A little bit of salt on your french fries is fine; a lot of salt on the road kills trees and fish
FRISCO — Highway engineers and scientists know that that massive use of chemical road de-icers has significant environmental impacts. Salt and the various derivatives used to keep roadways open kills trees and degrades water quality.
Just last year, the EPA found salt building up in groundwater near highways in the eastern U.S. Across the country, the U.S. spends $2.3 billion each year on the removal of highway snow and ice plus another $5 billion to mitigate the hidden costs associated with the process.
Installation of fire suppression system in the Eisenhower-Johnson Tunnels could spur discussion on hazmat routing
By Bob Berwyn
FRISCO — With $25 million in funding secured for a long-sought fire suppression system in the I-70 Eisenhower-Johnson Tunnels, a debate over hazmat routing through Summit County could heat up again. In a first step, CDOT will start a process to update the 1980s-era rules for the tunnel, potentially opening the door to a petition process that could result in changes to the hazmat route.
Currently, gasoline tankers and nearly all other hazardous materials are routed via U.S. Highway 6 over windy Loveland Pass, where tankers frequently roll over and spill fuel. Most truckers would prefer to haul their flammable, toxic and explosive materials through the tunnel and down I-70 to save time and money, but local emergency responders aren’t sure if the change makes sense from a public safety standpoint.
Peak-period shoulder toll lane to ease eastbound congestion; CDOT hopes to finish the work by 2015
By Bob Berwyn
FRISCO — As soon as they finish with the current I-70 construction around the Twin Tunnel segment, Colorado Department of Transportation engineers will set their sights on another project aimed at easing eastbound traffic congestion on the busy Colorado east-west interstate.
A nine-mile section of peak-period shoulder lanes from Empire Junction to the Twin Tunnels could loosen up Sunday afternoon traffic jams by providing three lanes from the junction all the way back to Denver, said CDOT mountain corridor manager Jim Bemelen.
Project aimed at improving safety and traffic flow between Denver and mountain resorts
By Summit Voice
FRISCO — Construction crews have reached a major milestone on a major Interstate 70 improvement project between Colorado’s mountain resorts and Denver, with major blasting operations for a new tunnel bore now complete, according to the Colorado Department of Transportation.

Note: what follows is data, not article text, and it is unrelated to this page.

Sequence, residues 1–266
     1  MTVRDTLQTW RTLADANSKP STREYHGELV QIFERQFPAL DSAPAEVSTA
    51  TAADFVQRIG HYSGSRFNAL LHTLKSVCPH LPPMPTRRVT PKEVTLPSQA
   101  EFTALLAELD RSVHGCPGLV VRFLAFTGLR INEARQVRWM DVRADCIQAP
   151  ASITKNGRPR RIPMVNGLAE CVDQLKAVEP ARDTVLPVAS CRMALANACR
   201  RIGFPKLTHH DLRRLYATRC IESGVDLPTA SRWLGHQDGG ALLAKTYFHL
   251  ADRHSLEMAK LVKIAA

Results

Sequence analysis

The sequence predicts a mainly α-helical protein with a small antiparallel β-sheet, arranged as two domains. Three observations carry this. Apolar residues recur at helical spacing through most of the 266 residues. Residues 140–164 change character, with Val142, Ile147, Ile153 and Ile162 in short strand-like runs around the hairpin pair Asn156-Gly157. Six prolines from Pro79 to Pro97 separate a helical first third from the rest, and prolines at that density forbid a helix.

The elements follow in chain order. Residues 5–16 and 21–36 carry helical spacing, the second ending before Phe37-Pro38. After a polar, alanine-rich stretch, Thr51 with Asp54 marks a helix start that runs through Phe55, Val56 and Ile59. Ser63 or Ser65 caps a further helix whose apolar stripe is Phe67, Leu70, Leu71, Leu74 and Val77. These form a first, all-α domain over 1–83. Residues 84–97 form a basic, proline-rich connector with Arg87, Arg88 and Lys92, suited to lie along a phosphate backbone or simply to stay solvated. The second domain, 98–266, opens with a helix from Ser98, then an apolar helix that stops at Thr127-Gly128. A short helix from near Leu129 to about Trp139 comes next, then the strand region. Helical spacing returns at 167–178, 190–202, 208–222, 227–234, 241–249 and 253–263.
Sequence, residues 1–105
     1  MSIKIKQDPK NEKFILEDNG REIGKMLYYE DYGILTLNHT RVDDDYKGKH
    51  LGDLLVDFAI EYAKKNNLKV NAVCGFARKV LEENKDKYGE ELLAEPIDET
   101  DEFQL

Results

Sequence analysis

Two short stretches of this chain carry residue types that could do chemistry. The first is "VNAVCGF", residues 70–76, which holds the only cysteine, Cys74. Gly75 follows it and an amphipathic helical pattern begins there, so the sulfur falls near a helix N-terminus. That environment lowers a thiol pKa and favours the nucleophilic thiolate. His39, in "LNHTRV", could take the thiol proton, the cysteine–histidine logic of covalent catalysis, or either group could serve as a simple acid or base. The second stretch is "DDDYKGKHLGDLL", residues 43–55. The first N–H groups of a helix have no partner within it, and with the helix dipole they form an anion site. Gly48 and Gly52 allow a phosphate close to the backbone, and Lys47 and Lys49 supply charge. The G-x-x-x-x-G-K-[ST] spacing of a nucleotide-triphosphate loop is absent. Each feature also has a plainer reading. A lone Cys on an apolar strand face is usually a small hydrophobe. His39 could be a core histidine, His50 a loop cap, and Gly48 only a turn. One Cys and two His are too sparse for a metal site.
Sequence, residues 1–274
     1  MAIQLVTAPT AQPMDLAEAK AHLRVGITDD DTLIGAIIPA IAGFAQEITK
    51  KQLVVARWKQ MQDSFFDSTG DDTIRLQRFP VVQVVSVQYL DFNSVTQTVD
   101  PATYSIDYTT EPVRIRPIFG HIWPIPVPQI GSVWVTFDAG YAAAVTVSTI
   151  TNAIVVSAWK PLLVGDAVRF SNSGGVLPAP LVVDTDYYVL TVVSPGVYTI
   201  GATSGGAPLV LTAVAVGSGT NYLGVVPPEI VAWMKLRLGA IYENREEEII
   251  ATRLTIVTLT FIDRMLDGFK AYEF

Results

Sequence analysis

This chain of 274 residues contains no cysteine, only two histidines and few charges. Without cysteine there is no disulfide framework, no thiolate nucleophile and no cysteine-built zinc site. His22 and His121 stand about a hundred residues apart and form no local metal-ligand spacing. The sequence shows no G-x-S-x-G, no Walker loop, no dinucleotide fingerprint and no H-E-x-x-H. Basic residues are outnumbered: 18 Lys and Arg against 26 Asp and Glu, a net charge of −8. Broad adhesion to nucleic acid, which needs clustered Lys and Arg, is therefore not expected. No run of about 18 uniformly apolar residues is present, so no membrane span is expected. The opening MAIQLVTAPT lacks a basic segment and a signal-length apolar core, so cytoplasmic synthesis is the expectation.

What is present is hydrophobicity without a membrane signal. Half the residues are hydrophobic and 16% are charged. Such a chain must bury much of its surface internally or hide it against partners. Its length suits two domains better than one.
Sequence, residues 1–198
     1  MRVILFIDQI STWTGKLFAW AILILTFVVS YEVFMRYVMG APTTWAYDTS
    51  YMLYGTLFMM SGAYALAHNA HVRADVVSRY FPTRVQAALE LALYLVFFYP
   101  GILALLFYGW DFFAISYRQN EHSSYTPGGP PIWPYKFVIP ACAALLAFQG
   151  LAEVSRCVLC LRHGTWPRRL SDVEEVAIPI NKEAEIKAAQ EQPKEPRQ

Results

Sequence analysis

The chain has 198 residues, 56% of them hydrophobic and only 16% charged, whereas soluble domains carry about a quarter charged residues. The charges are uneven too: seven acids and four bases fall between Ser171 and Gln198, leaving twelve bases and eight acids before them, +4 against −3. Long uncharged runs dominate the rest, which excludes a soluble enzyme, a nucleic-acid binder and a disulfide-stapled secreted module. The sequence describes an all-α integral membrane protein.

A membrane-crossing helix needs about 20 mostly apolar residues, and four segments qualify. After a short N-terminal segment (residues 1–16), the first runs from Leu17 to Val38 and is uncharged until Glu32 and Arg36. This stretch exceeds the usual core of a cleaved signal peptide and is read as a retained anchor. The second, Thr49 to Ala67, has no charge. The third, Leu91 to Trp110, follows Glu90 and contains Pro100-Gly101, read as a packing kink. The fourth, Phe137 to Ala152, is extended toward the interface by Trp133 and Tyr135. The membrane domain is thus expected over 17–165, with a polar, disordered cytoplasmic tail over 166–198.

Local bus company offering a free demo day; season bus passes, four-packs and discounted ski tix also available
SUMMIT COUNTY — Who say’s there’s no free ride?
To celebrate the start of full winter operations, Front Range Ski Bus is running a free bus from Denver up to A-Basin, Keystone, Loveland and Copper next weekend, right after what looks to be one of the first real snowy and wintry weeks of the season.
The bus has already been running on a limited schedule and will start operating four days per week (Thursday – Sunday) on Dec. 14, with basic round trip tickets for $35, down from $39 last year.
“Riding the bus up to the slopes is a great way to make new ski and snowboard friends before you even get to the slopes,” said said chief marketing officer Martin Beran, who frequently rides the bus to ride up at A-Basin. “It’s a relaxing way to get up to the mountains.” he said. “This day is a great way for Denver residents to try out Denver’s best ski bus service without spending a dime.” Continue reading “Colorado skiing: Catch a free ride to the slopes Dec. 15”→
Lower costs and reduced emissions help drive shift to gas-fueled passenger vehicles
By Bob Berwyn
SUMMIT COUNTY — If you’ve taken a ride to or from DIA recently in a Colorado Mountain Express van, there’s a chance you were aboard one of the four vehicles powered by propane, a relatively clean-burning fossil fuel that generates less greenhouse gas emissions.